Maine Lemon Law Information
The Maine Lemon Law applies when, during the first three (3) years, 18,000 miles or the end of the manufacturer warranty (whichever occurs first) following delivery of a new vehicle:
- the dealer has attempted to repair the same problem three (3) or more times, or
- the dealer has attempted at least one repair of a serious failure of either the braking or steering system, or
- the vehicle has been out of service for repairs at the dealership for a cumulative total of 15 or more business days (any days that the service department of an authorized dealer is open for business).
If the vehicle defect is so serious that you cannot wait (e.g., a safety problem) you do not necessarily have to meet the repair attempts standard. However, you must give the manufacturer at least one opportunity to repair and then a "final opportunity to repair."
Once the manufacturer or authorized dealer has not been able to repair the substantial defect, and the problem continues or recurs, you must contact the manufacturer in writing and state that you want a refund or replacement and that you will give the manufacturer one final repair opportunity, of at least seven business days, to fix the defect.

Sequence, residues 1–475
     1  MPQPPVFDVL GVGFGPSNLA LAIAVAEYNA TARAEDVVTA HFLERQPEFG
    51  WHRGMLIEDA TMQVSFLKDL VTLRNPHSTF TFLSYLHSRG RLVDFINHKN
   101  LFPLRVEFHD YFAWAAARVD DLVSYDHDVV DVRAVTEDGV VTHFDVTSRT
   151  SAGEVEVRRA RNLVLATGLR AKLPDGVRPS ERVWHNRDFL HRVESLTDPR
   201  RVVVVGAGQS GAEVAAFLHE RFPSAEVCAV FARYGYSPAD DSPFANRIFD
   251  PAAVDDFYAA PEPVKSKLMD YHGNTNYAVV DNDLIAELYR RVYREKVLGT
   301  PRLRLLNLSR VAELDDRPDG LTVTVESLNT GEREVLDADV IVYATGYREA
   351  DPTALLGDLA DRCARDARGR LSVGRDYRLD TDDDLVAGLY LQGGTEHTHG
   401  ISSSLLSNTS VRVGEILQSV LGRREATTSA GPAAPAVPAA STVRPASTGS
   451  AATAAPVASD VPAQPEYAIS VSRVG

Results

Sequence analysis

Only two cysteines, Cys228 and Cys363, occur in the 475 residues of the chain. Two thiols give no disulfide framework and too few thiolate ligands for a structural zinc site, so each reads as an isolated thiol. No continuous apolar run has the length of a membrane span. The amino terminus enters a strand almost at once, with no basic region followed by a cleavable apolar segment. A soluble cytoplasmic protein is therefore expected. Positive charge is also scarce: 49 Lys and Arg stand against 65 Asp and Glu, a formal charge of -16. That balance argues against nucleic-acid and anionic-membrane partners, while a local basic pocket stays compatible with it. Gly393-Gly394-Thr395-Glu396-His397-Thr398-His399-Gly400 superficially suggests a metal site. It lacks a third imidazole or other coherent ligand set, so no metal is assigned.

For the Maine Lemon Law to apply, the defect must substantially impair the vehicle's use, value, or safety, and must not have been caused by owner negligence, accident, vandalism, or have resulted from an unauthorized repair or alteration of the vehicle by a person other than the manufacturer, its agents or authorized dealers.Maine Lemon Law information from the Attorney General's Office » Consumer Law Guide: The Maine Lemon Law And State Arbitration »
Recommended Maine Lemon Law Attorneys
We have partnered with JustAnswer.com to offer help and advice from expert Lemon Law lawyers.
Describe your lemon law case in the text box to the right, & receive an answer in 10 minutes or less!
The fee is typically $9 to $15, and you do not have to pay anything unless you accept the answer.
Helpful Lemon Law Tips
Most states require you to notify the dealer and the manufacturer that you have a Lemon Law claim. Always use Certified Mail with Return Receipt.
If the manufacturer has an informal mediation or dispute resolution process, most states require you to do that first before pursuing litigation. However, you should contact a lawyer immediately.
Most lawyers will not charge you for an initial consultation or legal fees for Lemon Law arbitration. If they decide you have a case, normally the manufacturer is forced to pay your legal costs.